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Can there be a time where collective humanity has reached a point where there is nothing further to know?

As the world was being cartographed, we were enthralled by the endlessness of it. Some people thought there were no limits; other people thought there were borders into dangerous realms with fearsome monstrous entities. Now, the world feels very tiny and we see its limitations. We know really, that so far as the earth is concerned, there is not much left to know about it, besides its continued historical progress; people, states and wars and power-struggles,etc (which information doesn't count for the question I am asking, as it is absorbed into the human collective understanding as it unfolds) .
We now speculate out into the beyond, and believe in the limitless possibility of imagination combined with technology. But what if we are like the people who mapped the world; what if there comes a point where science has discovered all there is to be scientifically discovered? Do you think this is possible, or do you believe in the endlessness of this creation, that there will forever be new realms revealed to us?

Also, just for fun, if you do admit that there is the possibility that knowledge itself is finite, what percentage do you think we have reached of that knowledge? I'm going to randomly say we are at 66% capacity.
Last edited by froggo on 20 Apr 2021 07:39, edited 2 times in total.
Imagine, 1000 years from now, we go through a 1000 year dry-spell, where no new scientific discoveries are made; and then suddenly someone(assuming we are even considered a something or an individual entity) wakes up(assuming we sleep) with a novel idea and runs (or flies, or sends telepathic waves) around telling everyone(assuming there are others) about it... would they kill him(assuming death were still a possibility) or turn him into an idol(assuming reverence wasn't distasteful and obsolete)? :D
That's why this is in the philosophy section Wellsy. If it were a practical question I would have placed it elsewhere.

If the matrices of physics had a point of origin (or do rules such as these exist whether the world of appearances they present themselves in exist or not?); the moment of its appearance might suggest it was near full-formation, because once a rule of physical law is discovered, it seems hard to imagine that that rule was not always there, lying uncovered, waiting to be discovered. I suspect that there is a finite amount of physical rules which can be deduced by experimentation and reasoning. The applications of the use of that knowledge can certainly be more extensive and more likely to verge towards the infinite (but a trajectory can never predict a sudden cessation of its momentum) then the actual framework of the knowledge itself. If there is a limitation of observable physical laws, how close have we come to observing them all?
I think if it were even possible that human beings could have knowledge of everything, the result would still have an overwhelming amount of information that there would perhaps be a division of intellectual knowledge such that no one can ever hope to obtain such an encyclopedic sense of things. It seems already beyond the reach of a person even while they might develop great understanding of some areas of knowledge.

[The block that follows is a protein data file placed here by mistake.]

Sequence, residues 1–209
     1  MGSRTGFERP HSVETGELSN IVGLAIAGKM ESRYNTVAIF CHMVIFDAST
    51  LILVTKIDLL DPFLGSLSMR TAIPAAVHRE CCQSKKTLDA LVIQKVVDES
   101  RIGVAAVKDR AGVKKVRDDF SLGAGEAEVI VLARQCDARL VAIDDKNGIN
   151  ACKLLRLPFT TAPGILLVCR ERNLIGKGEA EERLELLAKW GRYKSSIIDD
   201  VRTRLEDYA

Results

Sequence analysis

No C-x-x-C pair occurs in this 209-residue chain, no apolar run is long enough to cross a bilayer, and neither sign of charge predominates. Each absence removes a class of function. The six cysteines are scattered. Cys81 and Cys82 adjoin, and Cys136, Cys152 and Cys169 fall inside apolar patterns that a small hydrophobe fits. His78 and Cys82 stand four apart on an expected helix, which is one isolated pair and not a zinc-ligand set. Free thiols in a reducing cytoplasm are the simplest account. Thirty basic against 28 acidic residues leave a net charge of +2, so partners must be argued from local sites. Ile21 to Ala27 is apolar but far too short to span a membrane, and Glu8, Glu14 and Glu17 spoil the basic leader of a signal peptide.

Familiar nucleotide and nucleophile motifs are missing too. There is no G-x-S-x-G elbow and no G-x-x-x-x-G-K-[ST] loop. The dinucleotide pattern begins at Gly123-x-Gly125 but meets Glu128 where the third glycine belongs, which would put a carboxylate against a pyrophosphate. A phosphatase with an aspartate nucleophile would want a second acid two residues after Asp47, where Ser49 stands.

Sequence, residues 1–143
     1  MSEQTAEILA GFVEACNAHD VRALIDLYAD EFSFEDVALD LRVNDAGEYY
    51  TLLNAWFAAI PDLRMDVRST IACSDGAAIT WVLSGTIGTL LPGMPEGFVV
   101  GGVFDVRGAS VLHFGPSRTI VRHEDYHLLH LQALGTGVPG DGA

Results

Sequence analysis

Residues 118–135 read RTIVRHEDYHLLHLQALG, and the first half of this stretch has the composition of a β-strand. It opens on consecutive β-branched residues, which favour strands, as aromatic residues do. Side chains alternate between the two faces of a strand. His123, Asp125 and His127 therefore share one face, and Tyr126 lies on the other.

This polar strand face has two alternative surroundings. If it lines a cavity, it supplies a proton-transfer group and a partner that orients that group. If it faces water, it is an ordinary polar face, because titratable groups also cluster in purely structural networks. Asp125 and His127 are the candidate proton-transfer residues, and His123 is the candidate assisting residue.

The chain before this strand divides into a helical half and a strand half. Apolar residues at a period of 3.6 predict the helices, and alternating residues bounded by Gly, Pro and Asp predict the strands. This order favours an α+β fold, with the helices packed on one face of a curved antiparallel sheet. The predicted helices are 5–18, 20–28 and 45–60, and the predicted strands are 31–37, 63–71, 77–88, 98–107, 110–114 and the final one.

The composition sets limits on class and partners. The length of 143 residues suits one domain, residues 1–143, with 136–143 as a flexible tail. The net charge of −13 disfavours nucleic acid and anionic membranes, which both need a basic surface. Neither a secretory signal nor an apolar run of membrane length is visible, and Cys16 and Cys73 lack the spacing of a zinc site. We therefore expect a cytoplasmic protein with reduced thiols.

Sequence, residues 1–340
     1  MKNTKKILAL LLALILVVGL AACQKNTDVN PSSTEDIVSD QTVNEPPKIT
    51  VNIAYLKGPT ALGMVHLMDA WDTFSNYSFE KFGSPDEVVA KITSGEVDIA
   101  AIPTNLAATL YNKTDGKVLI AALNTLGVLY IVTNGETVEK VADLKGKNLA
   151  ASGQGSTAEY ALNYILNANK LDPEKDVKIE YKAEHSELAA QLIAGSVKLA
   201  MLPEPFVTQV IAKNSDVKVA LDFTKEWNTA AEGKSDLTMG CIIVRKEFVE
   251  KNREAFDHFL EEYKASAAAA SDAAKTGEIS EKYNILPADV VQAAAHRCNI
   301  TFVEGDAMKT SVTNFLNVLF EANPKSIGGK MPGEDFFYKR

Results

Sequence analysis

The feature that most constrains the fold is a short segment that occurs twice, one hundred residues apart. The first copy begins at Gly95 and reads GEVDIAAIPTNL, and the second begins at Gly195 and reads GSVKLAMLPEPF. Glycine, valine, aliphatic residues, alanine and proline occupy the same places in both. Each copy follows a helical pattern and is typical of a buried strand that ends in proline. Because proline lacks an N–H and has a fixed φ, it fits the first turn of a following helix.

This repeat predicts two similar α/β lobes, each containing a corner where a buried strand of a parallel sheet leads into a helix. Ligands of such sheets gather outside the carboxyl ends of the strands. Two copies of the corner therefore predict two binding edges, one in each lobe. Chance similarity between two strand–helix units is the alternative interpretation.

Then also tie into the difficulties of properly integrating the disparate areas of intellectual labor. That it seems it would not be a complete knowledge until it was adequately holistic and continuous through different schools of knowing.

Also, I think even if we reached such a state there might be no way of knowing that it was complete other than perhaps an inference of a lack of radical shifts in understanding over a long period of human history in some field. Because we do not know what we don't know, it is only after the fact that we sense the contradictions and limitations of something that we can verge on the possibility of something more and only once we know that more can we retrospectively see what we didn't know.
Like how Newton's laws seemed immutable but while practical, are in some sense no entirely true.
The observable universe is not The Universe. With perfect data collection, it should be possible to know what can be known, but all that can be known is not everything there is to know.

Fasces wrote:Not everything is knowable. Isn't that what Gödel proved? At the very least, mathematics won't be solved. :lol:

He proved that there are true propositions in any (sufficiently complex) axiomatic system of mathematics which cannot be derived from the axioms in any finite number of steps. In principle, you might claim that such propositions are indeed 'knowable' through intuition, or divine revelation, or whatever. But they are not knowable through deductive logic. :)
froggo wrote:
Can there be a time where collective humanity has reached a point where there is nothing further to know?

That thought is a perennial. It pops up regularly, sometimes skipping a generation.

The short answer is no, the slightly longer answer is who the heck knows?? :smokin:

Either way, I think we've got a long way to go. Astronomy has been on fire, and keeps finding weird shit we can't explain. When I was young, everyone thought AI would be developed in a decade or two. A half century later, we still think that, it's been quite elusive. One of the guys I used to argue with, Victor Khomenko, owner of Balanced Audio Technologies, thought it was impossible. I don't agree, but it's been much, much harder than anyone expected. ... i-lfu8-cjQ

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